Photodegradation stability of huminated European pine (Pinus sylvestris L.) microveneers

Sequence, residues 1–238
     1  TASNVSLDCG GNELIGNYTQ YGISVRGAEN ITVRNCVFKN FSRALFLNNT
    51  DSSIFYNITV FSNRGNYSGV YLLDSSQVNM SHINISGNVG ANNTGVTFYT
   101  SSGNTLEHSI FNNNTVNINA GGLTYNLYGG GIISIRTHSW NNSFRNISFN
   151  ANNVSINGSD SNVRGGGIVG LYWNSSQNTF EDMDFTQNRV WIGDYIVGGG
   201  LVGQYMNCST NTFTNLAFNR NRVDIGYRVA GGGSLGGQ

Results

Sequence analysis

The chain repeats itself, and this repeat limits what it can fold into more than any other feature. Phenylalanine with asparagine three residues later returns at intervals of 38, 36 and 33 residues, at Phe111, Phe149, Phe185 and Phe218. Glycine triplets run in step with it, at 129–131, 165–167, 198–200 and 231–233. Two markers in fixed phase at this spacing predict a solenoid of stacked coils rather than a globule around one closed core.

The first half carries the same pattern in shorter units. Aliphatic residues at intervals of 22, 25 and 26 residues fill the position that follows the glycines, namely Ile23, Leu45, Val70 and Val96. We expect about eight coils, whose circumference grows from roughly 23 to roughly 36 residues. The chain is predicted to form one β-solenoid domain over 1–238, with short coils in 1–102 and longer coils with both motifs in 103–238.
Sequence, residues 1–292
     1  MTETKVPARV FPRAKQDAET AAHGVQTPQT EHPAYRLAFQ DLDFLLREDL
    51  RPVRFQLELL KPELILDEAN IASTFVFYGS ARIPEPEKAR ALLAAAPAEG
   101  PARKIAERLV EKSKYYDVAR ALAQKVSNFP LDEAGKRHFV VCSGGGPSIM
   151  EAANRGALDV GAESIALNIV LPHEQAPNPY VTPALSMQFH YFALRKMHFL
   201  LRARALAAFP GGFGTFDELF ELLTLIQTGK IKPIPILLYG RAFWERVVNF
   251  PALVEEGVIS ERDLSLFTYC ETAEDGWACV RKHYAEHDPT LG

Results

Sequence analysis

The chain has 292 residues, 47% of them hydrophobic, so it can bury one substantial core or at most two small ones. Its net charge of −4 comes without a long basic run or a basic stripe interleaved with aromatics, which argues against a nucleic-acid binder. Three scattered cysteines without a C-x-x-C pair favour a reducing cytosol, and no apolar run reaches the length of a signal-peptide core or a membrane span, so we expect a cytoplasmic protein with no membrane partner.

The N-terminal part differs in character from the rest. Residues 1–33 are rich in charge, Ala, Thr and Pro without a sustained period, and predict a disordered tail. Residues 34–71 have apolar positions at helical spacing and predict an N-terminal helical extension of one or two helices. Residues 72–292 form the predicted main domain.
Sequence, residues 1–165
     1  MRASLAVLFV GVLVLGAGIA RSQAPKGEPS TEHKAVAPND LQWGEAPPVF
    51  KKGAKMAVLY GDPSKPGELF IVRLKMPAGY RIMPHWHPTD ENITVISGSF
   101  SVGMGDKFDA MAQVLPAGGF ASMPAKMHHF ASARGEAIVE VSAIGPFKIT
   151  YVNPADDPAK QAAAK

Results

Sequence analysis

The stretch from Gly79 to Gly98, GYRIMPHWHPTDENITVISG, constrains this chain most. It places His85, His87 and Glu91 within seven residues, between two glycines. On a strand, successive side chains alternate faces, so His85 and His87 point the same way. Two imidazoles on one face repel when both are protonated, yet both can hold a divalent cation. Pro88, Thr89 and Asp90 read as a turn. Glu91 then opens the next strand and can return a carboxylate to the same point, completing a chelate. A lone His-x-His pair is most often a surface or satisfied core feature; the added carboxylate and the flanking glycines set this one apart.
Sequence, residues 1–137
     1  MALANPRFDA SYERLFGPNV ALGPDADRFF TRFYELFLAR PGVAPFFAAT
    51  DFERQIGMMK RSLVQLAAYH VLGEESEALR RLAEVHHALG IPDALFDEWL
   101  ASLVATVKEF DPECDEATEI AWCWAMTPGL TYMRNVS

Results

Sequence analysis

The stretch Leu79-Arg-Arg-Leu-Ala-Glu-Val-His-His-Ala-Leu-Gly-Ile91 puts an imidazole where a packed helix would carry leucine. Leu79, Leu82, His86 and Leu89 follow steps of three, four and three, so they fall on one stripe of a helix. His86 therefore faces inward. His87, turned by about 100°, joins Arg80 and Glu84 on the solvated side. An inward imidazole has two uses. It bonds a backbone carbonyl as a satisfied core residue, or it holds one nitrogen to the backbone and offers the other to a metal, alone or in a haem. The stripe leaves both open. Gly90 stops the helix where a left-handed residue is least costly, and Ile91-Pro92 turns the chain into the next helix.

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Humins are heterogeneous and polydisperse furanic macromolecules derived from sugar biorefinery. Improving wood properties by humination has become of interest recently. This study examined the photodegradation stability of European pine sapwood microveneers modified with humins at different concentrations of citric acid (CA) and succinic acid (SA) as reaction catalysts, e.g., 1.5 %, 3 %, and 4.5 % wt.%. The photostability of huminated wood was assessed after 48 h, 96 h, and 144 h of exposure to the accelerated weathering test by means of mass loss and finite-span tensile strength. The results were compared with unmodified and also unweathered samples. The FT-IR spectroscopy showed apparent changes in the chemical structure of wood by humination modifications. The weight percentage gains of the samples increased with increasing the concentration of the catalyst. While no differences were observed between the samples after two weeks of the water leaching. The strength losses of weathered microveneers were, however, mostly reduced by humin-based formulas containing catalysts, where the microveneers modified with 1.5 % and 3 % CA showed respectively 32 % and 41 % lower strength loss values than the unmodified samples after 144 h of weathering. Overall, the results showed a high potential for humins to protect wood against photodegradation.

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